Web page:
HONG KONG - Blind activist Chen Guangcheng
is safely ensconced in New York, and both
Washington and Beijing are feeling pretty good
about this conclusion to their prolonged,
unusually nimble diplomatic dance over Chen's
The United States did not use Chen's
flight - last month to the US embassy in Beijing
and over the weekend to a future as a
research fellow at New York
University's School of Law - as a platform to
berate the Chinese leadership for its woeful
Neither did any
Chinese diplomat seize upon the Chen drama to rail
against American meddling in China's internal
affairs. Yes, a few angry rumblings emanated from
state media, but they were solely intended for
On the whole, in
very charged diplomatic circumstances that could
easily have led to a serious strain in relations,
both sides reacted with remarkable restraint,
flexibility and collaboration.
have been quick to hail the Chen case as an
example of the new maturity and sophistication in
Maybe so, but this
should not hide that the case has been an
international embarrassment for Beijing and that
Chinese leaders have only acceded to Chen's
request to study in the US so as to park that
embarrassment more than 1,100 kilometers away on
Chen, 40, will, at least for
now, be swathed in care and adulation in his new
home; despite his international renown, however,
he is little known in China, and Chinese leaders
aim to keep it that way.
Soon enough the
publicity, protest and Internet chatter about Chen
will die away, and he will be just another Chinese
dissident abroad making pronouncements never heard
by or reported to his own people.
that's regarded as a winning outcome in Beijing,
then it is a Pyrrhic victory that does nothing to
address the deeply rooted and widespread problem
of corruption that Chen has spent the last several
years of his life fighting against.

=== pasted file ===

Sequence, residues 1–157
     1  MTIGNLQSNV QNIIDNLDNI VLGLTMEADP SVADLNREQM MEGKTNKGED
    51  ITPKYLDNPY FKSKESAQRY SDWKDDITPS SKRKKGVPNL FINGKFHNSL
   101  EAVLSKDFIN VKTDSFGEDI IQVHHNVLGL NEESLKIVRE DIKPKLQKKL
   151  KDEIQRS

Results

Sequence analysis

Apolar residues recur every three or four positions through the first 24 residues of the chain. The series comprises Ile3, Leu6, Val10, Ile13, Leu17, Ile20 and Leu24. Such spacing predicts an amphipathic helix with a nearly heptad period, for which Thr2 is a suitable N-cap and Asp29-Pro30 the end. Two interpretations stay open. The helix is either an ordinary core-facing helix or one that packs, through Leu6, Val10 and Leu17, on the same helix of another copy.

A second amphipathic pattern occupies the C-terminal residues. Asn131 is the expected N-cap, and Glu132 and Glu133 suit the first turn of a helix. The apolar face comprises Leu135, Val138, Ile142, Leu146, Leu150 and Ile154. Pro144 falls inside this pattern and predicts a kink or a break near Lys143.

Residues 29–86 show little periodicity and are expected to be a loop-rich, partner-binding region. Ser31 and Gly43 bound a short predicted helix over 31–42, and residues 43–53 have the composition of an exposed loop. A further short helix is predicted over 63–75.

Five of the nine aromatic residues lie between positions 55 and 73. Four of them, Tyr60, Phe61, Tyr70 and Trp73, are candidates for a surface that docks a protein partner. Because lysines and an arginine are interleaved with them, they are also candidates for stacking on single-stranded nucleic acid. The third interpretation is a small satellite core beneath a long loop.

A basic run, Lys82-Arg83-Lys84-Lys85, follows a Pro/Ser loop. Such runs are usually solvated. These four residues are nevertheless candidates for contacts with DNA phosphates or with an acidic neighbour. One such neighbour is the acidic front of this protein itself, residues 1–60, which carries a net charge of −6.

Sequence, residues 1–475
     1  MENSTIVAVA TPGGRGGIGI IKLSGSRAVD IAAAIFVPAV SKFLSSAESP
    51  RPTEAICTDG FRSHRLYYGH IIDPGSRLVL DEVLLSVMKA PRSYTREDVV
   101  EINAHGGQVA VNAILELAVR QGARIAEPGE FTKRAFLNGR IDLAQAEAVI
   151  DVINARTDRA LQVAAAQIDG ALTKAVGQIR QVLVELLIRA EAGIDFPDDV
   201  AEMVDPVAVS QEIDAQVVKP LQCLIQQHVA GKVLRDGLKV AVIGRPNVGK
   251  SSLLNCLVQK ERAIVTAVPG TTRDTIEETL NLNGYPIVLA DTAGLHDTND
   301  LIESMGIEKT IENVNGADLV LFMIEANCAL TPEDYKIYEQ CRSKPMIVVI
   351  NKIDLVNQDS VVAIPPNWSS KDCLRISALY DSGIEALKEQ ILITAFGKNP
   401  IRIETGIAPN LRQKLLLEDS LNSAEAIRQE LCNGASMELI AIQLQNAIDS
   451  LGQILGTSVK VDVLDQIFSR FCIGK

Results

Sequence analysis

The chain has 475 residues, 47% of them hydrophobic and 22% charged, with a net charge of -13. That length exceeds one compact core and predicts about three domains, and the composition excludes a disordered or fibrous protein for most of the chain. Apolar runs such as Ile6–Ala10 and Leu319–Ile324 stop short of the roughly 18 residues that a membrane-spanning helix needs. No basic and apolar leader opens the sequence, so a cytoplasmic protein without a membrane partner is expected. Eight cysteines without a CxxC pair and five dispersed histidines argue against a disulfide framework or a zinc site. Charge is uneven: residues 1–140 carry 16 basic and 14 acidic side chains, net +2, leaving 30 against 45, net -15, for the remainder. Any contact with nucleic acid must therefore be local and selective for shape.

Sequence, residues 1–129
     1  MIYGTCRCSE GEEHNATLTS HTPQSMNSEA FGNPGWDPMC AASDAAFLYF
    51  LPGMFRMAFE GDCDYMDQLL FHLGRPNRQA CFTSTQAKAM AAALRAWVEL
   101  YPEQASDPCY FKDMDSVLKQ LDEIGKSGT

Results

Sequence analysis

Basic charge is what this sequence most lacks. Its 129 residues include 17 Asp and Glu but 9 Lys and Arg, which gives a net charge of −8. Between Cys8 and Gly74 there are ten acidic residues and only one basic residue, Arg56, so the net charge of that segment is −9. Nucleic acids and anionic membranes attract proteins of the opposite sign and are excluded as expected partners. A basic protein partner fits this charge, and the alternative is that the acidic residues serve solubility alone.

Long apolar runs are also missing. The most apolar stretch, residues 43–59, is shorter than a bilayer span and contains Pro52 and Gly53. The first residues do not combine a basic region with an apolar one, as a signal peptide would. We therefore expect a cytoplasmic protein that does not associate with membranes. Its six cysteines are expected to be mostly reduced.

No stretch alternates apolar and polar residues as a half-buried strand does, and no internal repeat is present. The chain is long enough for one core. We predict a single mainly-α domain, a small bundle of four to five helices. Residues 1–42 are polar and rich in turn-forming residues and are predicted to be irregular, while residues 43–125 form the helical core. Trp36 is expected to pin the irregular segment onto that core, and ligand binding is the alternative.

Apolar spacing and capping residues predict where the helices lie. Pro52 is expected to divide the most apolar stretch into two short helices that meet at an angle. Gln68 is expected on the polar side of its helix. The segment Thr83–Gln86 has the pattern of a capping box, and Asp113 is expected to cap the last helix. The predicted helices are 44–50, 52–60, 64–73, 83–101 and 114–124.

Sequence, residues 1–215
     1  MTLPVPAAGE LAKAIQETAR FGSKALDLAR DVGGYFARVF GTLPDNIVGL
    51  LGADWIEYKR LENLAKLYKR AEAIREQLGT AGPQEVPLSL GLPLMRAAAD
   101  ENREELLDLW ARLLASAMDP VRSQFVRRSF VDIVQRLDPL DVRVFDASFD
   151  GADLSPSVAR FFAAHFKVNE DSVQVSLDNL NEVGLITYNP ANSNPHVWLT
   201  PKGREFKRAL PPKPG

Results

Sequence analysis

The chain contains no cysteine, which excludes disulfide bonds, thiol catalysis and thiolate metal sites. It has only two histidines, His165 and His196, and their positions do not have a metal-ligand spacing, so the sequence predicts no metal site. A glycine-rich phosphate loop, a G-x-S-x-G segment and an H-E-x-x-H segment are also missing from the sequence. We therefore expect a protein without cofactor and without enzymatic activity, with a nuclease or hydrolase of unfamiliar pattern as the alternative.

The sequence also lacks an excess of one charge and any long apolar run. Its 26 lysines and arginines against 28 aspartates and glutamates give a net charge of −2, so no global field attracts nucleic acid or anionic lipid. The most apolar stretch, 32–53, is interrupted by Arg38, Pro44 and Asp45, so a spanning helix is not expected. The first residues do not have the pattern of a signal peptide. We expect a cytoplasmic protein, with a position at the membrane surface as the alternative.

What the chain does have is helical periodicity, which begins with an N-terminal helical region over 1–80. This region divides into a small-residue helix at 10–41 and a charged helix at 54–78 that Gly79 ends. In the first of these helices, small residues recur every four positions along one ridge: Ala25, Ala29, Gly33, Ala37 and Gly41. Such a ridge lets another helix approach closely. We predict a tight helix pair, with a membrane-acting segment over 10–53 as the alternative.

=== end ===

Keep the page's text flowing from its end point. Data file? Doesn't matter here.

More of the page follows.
will be more Chens - many more - and the
leadership cannot, with the quiet assistance of
the US government, shunt them all off to law
school in New York or anywhere else.
Subtle diplomatic dances and not-so-subtle
Chinese economic clout aside, what has been done
to Chen and his family - and to countless others
in China - is brazenly illegal, not to mention
unconscionable. For his efforts to make his
country a safer and more just society, the
self-taught "barefoot lawyer" from northeastern
Shandong province had been rewarded with torture
and a prison cell.
No one is suggesting
that President Hu Jintao, Premier Wen Jiabao or
others in the top echelon of the Communist Party's
leadership structure ordered or approved of this
treatment. Indeed, they are surely deeply
embarrassed by it and would like such shameful,
extra-legal punishments to stop.
notwithstanding much anti-corruption rhetoric, the
Hu-Wen leadership team has been largely
ineffective during its 10 years in power in
reducing the rampant graft and abuse of power at
the local level of Chinese politics.
a native of the small village of Dongshigu, first
became a thorn in the side of local authorities
when he journeyed to Beijing in 1994 to petition
the central government to lift taxes that had been
wrongly levied on his family, which under law was
exempt from taxation because of Chen's disability.
After his petition was granted, Chen went
about helping other families with disabled members
who had also been taxed.
later, buoyed by the success of his tax appeal,
Chen launched a campaign to stop a paper mill from
dumping toxic chemicals in a stream near his
Then, in 2005, after Chen exposed
at least 7,000 forced abortions and sterilizations
in the Shandong city of Linyi, the local